Ottawa

Friends rattled as city begins removing roadside memorials

Friends of an Ottawa woman killed three years ago while riding her bike home from a tennis lesson say they would have appreciated some notice before a roadside memorial they lovingly maintained in her honour was removed.

Policy approved last fall gave ghost bikes, other memorials 6 months' grace

Kathy Riley (left) and Tina Belanger (right) say they would have appreciated a heads-up before the ghost bike honouring their friend, Meg Dussault, was removed. (Giacomo Panico/CBC)

Friends of an Ottawa woman killed three years ago while riding her bike home from a tennis lesson say they would have appreciated some notice before a roadside memorial they lovingly maintained in her honour was removed.

The white-painted ghost bike appeared at the corner of Bank Street and Riverside Drive in the summer of 2013, shortly after 56-year-old Meg Dussault was struck and killed there by a cement truck on July 30.
Friends of Meg Dussault maintained and decorate this ghost bike in her memory at the corner of Bank Street and Riverside Drive, where she was struck and killed by a cement truck on July 30, 2013. (Ashley Burke/CBC)

Family and friends visited the memorial regularly, keeping it tidy and decorating it for holidays. Kathy Riley was one of them.

"I came Wednesday morning before work to water the plants, only to turn the corner and see that the bike and everything was gone," said Riley, who was later told by a city staff member that a crew removed the memorial sometime on Tuesday. 

"My heart just sank, my stomach was sick and there was just such an emptiness."

6-month limit

In November 2015, the City of Ottawa imposed a six-month limit on ghost bikes, crosses and other roadside memorials, after which time the markers would be removed if anyone complained about them. 

While the policy specifies no notice of imminent removal will be issued, Riley believes someone from either the city or the office of the councillor for the area, David Chernushenko, should have given Dussault's friends a heads-up.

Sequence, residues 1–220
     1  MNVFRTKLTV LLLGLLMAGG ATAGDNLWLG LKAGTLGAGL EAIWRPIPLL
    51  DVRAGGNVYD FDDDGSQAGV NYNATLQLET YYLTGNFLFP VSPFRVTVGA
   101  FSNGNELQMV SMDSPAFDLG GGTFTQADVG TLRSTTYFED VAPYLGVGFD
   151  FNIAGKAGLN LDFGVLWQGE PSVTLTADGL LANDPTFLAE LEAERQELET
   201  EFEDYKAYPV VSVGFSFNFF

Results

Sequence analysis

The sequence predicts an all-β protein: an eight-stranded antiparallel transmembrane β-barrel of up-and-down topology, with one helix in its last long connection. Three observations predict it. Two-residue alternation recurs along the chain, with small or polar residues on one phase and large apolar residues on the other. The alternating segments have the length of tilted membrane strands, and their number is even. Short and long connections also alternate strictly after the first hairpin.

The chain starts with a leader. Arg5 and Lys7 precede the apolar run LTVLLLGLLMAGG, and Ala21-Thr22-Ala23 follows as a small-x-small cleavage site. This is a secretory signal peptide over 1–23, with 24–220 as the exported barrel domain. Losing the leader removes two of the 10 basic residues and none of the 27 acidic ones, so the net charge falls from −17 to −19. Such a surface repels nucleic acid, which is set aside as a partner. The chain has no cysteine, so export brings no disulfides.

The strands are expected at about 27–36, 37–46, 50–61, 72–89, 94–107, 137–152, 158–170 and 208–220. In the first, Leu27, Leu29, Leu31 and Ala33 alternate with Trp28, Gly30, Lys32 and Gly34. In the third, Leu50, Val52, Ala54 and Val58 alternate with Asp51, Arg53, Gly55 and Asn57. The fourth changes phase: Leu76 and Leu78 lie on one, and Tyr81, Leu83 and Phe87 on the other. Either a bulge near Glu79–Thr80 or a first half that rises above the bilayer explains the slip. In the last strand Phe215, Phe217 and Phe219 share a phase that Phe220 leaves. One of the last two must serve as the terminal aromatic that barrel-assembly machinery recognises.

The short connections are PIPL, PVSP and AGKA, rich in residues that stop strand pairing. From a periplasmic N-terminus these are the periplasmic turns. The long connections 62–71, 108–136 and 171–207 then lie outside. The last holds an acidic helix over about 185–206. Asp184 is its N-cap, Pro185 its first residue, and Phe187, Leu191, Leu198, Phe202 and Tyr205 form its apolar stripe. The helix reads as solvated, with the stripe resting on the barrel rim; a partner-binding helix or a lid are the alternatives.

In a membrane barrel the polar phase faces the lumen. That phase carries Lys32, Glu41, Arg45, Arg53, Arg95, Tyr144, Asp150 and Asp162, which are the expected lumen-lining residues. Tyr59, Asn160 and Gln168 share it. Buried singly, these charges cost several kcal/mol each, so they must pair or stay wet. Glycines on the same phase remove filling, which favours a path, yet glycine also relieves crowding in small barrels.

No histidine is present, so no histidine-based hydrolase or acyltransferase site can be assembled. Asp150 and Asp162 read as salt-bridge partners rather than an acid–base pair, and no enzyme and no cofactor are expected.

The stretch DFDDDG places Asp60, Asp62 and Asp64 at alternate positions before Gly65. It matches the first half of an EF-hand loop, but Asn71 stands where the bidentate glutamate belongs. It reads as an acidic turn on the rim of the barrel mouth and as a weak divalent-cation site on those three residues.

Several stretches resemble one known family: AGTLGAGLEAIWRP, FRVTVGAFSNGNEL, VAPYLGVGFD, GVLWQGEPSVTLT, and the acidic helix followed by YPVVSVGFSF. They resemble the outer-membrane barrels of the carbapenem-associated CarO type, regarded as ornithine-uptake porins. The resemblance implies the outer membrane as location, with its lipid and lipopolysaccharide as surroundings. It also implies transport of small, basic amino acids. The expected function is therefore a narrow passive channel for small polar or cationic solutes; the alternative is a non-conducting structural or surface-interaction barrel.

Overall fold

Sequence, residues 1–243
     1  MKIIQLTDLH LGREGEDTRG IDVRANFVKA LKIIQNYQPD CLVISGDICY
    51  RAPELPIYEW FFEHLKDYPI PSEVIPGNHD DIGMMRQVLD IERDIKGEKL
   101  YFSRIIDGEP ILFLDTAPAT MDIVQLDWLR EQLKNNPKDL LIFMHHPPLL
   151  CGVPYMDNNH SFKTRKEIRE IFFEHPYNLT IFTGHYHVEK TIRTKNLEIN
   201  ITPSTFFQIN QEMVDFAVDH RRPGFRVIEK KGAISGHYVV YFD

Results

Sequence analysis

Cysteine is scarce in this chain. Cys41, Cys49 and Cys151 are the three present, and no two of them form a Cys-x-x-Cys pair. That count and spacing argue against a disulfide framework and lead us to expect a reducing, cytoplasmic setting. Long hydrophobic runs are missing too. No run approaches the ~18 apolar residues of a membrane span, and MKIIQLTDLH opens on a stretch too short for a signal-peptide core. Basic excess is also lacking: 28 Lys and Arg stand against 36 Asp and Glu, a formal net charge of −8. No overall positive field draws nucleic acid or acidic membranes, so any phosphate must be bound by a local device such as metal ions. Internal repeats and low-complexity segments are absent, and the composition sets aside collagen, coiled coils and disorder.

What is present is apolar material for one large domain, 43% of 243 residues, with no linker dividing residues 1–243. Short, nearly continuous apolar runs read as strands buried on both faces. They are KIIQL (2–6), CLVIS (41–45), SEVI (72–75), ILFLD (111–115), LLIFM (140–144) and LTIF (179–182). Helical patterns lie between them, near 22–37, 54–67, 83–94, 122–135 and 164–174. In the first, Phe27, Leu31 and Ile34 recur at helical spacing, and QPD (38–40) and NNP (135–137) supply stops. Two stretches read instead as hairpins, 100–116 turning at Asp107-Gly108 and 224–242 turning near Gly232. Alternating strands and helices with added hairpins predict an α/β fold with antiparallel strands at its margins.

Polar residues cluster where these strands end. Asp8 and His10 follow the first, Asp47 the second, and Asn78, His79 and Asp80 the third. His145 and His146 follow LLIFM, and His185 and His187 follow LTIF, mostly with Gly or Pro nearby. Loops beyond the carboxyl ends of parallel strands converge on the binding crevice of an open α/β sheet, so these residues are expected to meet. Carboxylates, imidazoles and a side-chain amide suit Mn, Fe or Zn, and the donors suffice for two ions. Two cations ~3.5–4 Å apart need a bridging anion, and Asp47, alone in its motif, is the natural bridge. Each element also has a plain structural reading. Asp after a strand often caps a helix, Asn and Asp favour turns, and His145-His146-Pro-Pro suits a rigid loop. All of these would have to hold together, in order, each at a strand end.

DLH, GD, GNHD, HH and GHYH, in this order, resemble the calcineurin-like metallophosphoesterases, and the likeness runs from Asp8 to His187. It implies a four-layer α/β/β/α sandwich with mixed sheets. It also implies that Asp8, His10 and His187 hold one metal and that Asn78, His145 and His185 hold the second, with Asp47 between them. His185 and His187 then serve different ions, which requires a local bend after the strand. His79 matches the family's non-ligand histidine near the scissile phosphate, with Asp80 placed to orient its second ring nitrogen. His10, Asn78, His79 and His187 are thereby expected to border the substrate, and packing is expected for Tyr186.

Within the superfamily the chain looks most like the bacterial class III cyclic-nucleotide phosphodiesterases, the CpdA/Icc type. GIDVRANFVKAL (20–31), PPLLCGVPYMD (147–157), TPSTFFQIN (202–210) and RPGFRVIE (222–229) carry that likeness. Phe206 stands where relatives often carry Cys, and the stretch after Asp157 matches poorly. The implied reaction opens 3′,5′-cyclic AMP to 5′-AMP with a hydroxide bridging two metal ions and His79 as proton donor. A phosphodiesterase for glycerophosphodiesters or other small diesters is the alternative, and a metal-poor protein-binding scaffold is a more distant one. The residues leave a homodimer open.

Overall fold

"I think that we all just assumed that, so we would have been given the opportunity to come one last time and remove the personal items," Riley said

Riley has been told by the city that the bike, a framed photo of Dussault, a rosary and other decorations are being stored in a city warehouse and can be collected by friends and family for the next 30 days.

'Unfortunate,' but policy clear: councillor

Chernushenko said he appreciates Riley's concerns and called the situation "unfortunate," but pointed out the difficulty involved in reaching people associated with the memorials.

"There is a real challenge, which is none of these [memorials] are registered," said Chernushenko. "There is no one at the city, including a councillor, who knows who put it up." 

Besides, said Chernushenko, the policy is straightforward: "Council made it clear that at six months it would be removed, and therefore whoever puts them up has up to six months to remove them. If not the city would do so."

In the end, Riley is hoping the story of how she learned of the memorial's removal can serve as a lesson for future removals.

"I really think this hopefully will be a heads-up to the city, to take the time just to inform the family. There are a lot families with roadside memorials out there, and a lot of people who are still grieving."